Recognizing skin breakdown
Recognizing Skin Breakdown – What is normal and what isn’t?
What Should Skin Look Like?
In recognizing skin breakdown, one of the first clues is changes in the skin’s color due to a decrease in circulation to the area. In lightly pigmented people, the skin normally has a pink color, so it’s easier to see the blood vessels near the skin’s surface. In deeply pigmented people, skin color changes are not as easy to detect. When trying to detect changes, look in fingernail beds, lips, mucous membranes of the mouth, the underside of the arm and hand, and the whites of the eye.
- Poor circulation causes the skin to appear pale, white, ashen, gray, waxy, and translucent like a white candle (think of what skin might look like if it were frozen or abnormally cold).
- If the skin doesn’t have enough oxygen, it appears bluish or gray. That’s called Cyanosis.
- Red skin color happens with carbon monoxide poisoning, high fevers, sunburn, mild thermal burns, or any time the body can’t get rid of its own high levels of heat.
- Liver disease causes a yellow cast to the skin called jaundice.
- Normally skin temperature is warm to the touch. If it feels significantly hot, then the person likely has a fever, sunburn, or hyperthermia.
- Skin is cool in the early stages of shock, plus the person sweats profusely, heat exhaustion occurs, and profound hypothermia and or frostbite occurs.
- The skin is normally dry.
- Wet, moist, or excessively dry and hot skin is abnormal.
The capillary refill test determines the circulatory system’s ability to restore blood. Press your thumb against a fingernail bed firmly until the bed turns white. Release pressure. The nailbed should return to normal in 2 seconds.
What are Signs of Infection?
Infection is different from inflammation, which meaning the area is damaged in some way but not always infected. With infection, you usually see pus, fever, swelling, and pain. (Pus is a thick, yellowish-white or green liquid made of dead white blood cells, bacteria, and tissue debris and often has a foul odor.)
The Type of Drainage Tells You How It’s Healing
Wound drainage is common in many types of wounds (including open wounds) while they are healing. The type of wound drainage you experience can help to know how well the wound is healing. Some types of drainage from wounds also indicate the presence of bacteria and that the wound is infected.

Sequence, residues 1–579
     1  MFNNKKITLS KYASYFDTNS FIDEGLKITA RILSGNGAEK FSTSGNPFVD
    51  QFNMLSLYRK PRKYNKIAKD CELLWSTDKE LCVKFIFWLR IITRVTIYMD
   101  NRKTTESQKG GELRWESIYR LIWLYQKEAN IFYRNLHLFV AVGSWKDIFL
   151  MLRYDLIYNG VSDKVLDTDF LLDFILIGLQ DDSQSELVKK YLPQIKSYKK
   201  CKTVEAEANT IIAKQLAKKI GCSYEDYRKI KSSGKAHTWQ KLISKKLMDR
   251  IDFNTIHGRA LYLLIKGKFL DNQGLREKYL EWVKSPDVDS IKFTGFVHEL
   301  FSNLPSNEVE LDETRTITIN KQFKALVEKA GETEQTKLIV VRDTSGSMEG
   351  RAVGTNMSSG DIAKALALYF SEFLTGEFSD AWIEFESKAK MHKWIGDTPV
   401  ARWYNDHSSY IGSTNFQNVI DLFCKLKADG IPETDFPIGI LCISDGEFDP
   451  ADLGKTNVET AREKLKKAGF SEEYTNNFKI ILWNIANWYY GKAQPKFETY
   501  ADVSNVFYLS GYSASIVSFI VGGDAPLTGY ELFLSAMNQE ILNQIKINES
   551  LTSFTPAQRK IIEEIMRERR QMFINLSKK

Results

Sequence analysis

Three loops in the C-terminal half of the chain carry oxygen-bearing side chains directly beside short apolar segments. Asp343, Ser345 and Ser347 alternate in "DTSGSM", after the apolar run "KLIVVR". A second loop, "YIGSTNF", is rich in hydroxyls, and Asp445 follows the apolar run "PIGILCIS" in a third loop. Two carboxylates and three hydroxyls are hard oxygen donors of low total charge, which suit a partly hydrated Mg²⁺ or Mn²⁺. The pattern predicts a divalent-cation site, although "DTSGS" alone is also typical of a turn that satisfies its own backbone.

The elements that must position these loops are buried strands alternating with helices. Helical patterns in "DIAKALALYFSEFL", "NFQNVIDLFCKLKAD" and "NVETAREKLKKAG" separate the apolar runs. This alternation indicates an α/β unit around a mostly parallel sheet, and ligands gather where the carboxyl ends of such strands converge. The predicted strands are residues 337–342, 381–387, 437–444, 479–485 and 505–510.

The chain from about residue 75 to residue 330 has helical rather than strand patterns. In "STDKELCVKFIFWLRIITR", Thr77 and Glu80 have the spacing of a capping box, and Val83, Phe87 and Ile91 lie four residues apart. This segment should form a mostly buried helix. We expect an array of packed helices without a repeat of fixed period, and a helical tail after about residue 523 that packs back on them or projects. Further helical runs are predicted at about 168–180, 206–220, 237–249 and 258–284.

Normal vs. Deviating from the normal, average, or expected; Outside of what is expected or uncharacteristic. Drainage
Wound drainage is also called exudate. Some types of normal wound drainage look like thin clear watery fluid, whereas others may resemble clear blood fluid. It’s common for infected wounds to ooze yellowish or green fluid that may be thin to a thick consistency. Depending on if there is blood in the drainage from an infected wound, it may leak fluid with a cream-coffee appearance. The skin around the wound may be warm to the touch. The wound may appear red and inflamed. If you see red streaks branch out from the wound, that’s a sign that the infection may be spreading to your bloodstream. Infection in your blood is very serious. Contact the doctor immediately to report this development.
If you have to care for a wound, it’s important to know the common types of wound drainage. The color of drainage can help you know if the wound is healing properly or if wound drainage is showing signs of infection.
What are some of the things that Cause Skin Breakdown?
Prolonged, unrelieved pressure to one area, frequently seen around a bony area such as the tailbone, hips, heels, ankles, or elbows, often causes the skin to breakdown.
Decreased Blood Flow
The constant pressure causes damage by decreasing the blood flow to the skin and traumatizing the area. As the traumatized area rubs against the surface it touches (sheets, wheelchair cushion, etc.), the friction starts tearing away surface cells, and tissue is damaged. Other contributing factors often interfere, such as moisture from fecal or urinary incontinence, poor nutrition or hydration, and generally poor health.
Recognizing skin Breakdown – Early stages
Inflammation is usually the first sign of pending trouble. With inflammation, you see redness, heat, swelling, pain, and fever-like infection, but there is no pus. You may also see blisters, wearing away or tears of the skin in the affected area, breaks in the skin, maceration (softening or whiteness) of the skin, swelling, itching, and development of a blue color to the skin.